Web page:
“We’re running hackathons on digital ownership of patient records. These are the type of solutions that a 25-year-old blockchain engineer can build. But if there isn’t that sort of through-line or a bridge point to the government to healthcare organizations, it makes it harder for these use cases to just scale. That’s the really important thing about having MARA exist, plugging that gap between the young population and the regulators, who are sitting there, kind of held back by 20th-century structures, looking at these new technologies and how they have to build new structures with it.”

Nnadi was coy about MARA’s conversations with African regulators, saying that the countries are at different crypto addition and regulation stages. He did, however, admit that his company is speaking with Kenya, Nigeria, Kenya, Uganda and the Central African Republic (CAR).

The company also announced that it is working with the CAR in its bid to make bitcoin a legal tender.

“We’re coming in to advise them [CAR] on crypto adoption. There’re core things that need to be done in the country, as it would be in many countries in Africa, it’s to bring widespread crypto adoption,” he said. “We’re recommending a national ID drive so that they can [perform] KYC/AML on folks before they get into Web 3. [They need to] increase internet penetration as well so that people would be able to access crypto and the global crypto economy.”

Before starting MARA, Nnadi had built a non-profit called Sustainability International. Building on his parents’ work as environmental engineers dedicated to bringing environmental sustainability to the Niger Delta region of Nigeria, Chi Nnadi sort to use the blockchain technology to incentivize a community-driven clean-up of oil spillages financially. His non-profit built a smart contract in partnership with ConsenSys that used a combination of a computer vision algorithm that analyzes satellite imagery and pictures taken by local farmers to tell when a pond being cleaned has changed color and gotten cleaner. Upon confirmation of successful clean-up, the smart contract then pays participants in Stelar Lumens.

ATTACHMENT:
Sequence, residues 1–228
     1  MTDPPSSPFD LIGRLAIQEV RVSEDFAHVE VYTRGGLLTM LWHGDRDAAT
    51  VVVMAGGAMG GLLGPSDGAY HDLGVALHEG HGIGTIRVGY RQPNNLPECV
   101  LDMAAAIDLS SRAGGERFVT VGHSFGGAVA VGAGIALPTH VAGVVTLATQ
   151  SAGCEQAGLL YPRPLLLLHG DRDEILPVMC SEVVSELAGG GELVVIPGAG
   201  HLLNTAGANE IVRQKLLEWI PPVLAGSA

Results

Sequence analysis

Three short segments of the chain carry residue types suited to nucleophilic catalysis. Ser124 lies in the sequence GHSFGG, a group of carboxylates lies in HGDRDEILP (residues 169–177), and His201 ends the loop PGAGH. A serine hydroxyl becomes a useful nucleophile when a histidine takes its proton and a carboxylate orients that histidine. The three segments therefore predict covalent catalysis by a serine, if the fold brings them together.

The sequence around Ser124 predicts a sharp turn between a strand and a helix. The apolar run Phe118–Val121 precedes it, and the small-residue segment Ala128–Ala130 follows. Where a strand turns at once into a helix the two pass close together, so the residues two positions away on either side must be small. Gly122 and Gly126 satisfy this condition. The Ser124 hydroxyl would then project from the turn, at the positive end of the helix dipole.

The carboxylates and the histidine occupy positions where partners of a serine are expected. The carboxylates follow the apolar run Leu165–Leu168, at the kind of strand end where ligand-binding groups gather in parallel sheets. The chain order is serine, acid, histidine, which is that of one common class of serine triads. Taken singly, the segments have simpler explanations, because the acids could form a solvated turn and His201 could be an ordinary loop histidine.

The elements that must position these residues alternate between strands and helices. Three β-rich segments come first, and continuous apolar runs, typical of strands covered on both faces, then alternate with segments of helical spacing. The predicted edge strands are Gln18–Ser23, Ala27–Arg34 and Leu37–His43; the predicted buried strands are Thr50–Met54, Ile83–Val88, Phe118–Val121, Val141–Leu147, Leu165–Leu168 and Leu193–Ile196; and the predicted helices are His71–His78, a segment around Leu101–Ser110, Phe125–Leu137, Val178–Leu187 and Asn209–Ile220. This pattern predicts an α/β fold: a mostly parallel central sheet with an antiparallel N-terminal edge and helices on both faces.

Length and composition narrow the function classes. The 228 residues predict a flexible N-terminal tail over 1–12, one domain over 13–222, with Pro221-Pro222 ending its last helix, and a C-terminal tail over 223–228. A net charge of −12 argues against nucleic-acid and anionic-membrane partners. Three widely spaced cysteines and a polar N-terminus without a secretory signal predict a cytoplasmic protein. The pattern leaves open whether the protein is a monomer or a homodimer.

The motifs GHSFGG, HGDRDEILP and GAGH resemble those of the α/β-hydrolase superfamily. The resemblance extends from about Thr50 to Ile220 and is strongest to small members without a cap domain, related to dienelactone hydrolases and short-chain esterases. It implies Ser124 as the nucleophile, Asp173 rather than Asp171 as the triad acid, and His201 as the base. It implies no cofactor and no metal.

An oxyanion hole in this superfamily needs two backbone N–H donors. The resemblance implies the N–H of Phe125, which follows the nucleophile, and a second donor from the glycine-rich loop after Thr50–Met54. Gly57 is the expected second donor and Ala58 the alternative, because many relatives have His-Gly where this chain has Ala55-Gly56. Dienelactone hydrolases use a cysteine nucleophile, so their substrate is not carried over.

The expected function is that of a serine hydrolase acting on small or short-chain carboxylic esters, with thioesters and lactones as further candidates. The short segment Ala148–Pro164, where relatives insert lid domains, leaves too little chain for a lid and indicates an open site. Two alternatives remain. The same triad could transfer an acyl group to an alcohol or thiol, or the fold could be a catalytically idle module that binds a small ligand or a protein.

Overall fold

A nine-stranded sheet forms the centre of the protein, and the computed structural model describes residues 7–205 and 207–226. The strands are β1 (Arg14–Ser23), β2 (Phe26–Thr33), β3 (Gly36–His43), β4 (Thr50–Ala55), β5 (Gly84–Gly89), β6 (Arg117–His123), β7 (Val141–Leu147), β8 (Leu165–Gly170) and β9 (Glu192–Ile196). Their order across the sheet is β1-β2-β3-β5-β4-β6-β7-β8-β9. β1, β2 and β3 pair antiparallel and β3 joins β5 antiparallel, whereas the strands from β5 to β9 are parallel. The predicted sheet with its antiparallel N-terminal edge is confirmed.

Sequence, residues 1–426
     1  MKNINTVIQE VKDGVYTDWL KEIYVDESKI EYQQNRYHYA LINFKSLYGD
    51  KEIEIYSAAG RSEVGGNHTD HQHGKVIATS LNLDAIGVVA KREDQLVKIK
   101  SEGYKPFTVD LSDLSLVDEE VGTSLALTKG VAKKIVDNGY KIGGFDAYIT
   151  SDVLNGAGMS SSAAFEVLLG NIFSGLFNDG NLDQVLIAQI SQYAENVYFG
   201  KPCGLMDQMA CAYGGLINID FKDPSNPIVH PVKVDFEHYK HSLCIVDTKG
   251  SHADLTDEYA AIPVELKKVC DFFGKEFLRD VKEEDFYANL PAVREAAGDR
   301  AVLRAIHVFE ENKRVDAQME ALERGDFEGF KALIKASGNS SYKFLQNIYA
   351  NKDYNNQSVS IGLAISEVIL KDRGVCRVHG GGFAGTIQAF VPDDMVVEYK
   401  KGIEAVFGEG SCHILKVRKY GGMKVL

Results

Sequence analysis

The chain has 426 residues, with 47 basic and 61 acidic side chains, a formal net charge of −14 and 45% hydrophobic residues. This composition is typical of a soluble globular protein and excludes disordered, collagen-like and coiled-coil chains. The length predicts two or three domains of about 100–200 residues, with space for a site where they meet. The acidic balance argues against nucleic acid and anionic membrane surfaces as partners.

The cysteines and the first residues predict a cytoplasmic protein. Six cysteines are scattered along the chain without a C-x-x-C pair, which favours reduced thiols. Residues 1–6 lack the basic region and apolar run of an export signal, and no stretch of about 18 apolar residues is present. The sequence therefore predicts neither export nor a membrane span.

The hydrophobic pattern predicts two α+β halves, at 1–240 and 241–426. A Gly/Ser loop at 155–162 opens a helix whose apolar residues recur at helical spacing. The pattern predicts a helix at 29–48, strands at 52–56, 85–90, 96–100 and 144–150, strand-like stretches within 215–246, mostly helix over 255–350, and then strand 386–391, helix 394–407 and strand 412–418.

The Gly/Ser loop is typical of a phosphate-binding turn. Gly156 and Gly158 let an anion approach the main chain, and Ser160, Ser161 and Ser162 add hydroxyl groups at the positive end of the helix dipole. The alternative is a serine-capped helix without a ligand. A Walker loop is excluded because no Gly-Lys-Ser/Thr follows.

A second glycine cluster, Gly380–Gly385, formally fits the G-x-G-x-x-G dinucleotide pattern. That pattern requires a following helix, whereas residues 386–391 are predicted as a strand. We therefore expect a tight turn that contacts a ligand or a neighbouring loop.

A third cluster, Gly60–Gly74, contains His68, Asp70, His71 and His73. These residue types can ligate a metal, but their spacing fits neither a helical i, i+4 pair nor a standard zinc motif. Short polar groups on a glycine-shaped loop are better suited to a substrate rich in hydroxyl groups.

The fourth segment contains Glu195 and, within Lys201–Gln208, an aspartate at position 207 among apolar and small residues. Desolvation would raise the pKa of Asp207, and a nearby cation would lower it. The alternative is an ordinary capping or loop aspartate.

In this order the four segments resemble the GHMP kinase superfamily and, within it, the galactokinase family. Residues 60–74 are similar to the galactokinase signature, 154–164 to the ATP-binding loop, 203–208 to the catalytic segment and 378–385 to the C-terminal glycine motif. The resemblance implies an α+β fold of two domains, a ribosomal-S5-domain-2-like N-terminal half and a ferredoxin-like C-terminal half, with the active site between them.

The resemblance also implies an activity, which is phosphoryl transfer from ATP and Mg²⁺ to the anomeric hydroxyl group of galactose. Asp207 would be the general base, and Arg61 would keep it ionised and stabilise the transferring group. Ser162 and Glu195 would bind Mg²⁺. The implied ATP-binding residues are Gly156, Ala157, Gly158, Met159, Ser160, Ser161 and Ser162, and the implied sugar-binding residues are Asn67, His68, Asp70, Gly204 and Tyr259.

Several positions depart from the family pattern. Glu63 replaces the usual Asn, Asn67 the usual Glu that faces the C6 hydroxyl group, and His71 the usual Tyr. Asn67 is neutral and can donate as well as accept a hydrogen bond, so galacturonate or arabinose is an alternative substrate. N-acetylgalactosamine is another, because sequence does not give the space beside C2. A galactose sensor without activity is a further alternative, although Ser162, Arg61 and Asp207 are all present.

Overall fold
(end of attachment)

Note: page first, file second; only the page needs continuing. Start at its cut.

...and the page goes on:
The smart contract project aimed to solve the problem of accountability and transparency that saw the hundreds of millions of dollars spent on the region yield little results in terms of actual oil clean-ups.

“I saw the before and after effects of capital not being dispersed, and it was really angering the people. And so that was the idea. I was thinking, well, I can [relate with] the villager here, the chief, the head of Shell and the state governor, but all those people don’t meet in the same room,” Nnadi said. “And so, the idea was, how can you move them onto a digital playing field? And that’s when I started thinking about using smart contracts as a way of bringing them all into one room, essentially seeing myself as a no trusted node that can even move within all these different people.”

Though a noble venture, the smart contract project didn’t entirely take off because of crypto’s user experience (UX) limitations and literacy issues among local community members.

“At the time, stablecoins didn’t really exist, exchanges didn’t exist, and we still had to do cash on- and off-ramp for everybody. It just wasn’t scalable, realizing infrastructure has to be built, and everyone here has to have a wallet,” Nnadi added

Now that crypto UX has evolved, Nnadi is looking to promote similar development in the Mara ecosystem.

Other member of the startup’s executive team include: Lucas Llinás Múnera, Dearg O’Bartuin, and Kate Kallot.

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Credit: www.forbes.com /